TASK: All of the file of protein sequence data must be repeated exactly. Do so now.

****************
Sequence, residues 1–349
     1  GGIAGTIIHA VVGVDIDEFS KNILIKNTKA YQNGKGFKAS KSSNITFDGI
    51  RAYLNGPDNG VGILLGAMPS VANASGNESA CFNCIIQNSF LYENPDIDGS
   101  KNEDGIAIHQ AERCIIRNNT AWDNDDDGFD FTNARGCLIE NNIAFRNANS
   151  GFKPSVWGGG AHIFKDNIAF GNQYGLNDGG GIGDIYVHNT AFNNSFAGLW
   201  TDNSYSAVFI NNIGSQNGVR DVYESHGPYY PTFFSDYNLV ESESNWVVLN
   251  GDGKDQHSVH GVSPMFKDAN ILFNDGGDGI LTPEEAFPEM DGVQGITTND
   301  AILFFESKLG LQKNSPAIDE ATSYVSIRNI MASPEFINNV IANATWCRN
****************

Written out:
Sequence, residues 1–349
     1  GGIAGTIIHA VVGVDIDEFS KNILIKNTKA YQNGKGFKAS KSSNITFDGI
    51  RAYLNGPDNG VGILLGAMPS VANASGNESA CFNCIIQNSF LYENPDIDGS
   101  KNEDGIAIHQ AERCIIRNNT AWDNDDDGFD FTNARGCLIE NNIAFRNANS
   151  GFKPSVWGGG AHIFKDNIAF GNQYGLNDGG GIGDIYVHNT AFNNSFAGLW
   201  TDNSYSAVFI NNIGSQNGVR DVYESHGPYY PTFFSDYNLV ESESNWVVLN
   251  GDGKDQHSVH GVSPMFKDAN ILFNDGGDGI LTPEEAFPEM DGVQGITTND
   301  AILFFESKLG LQKNSPAIDE ATSYVSIRNI MASPEFINNV IANATWCRN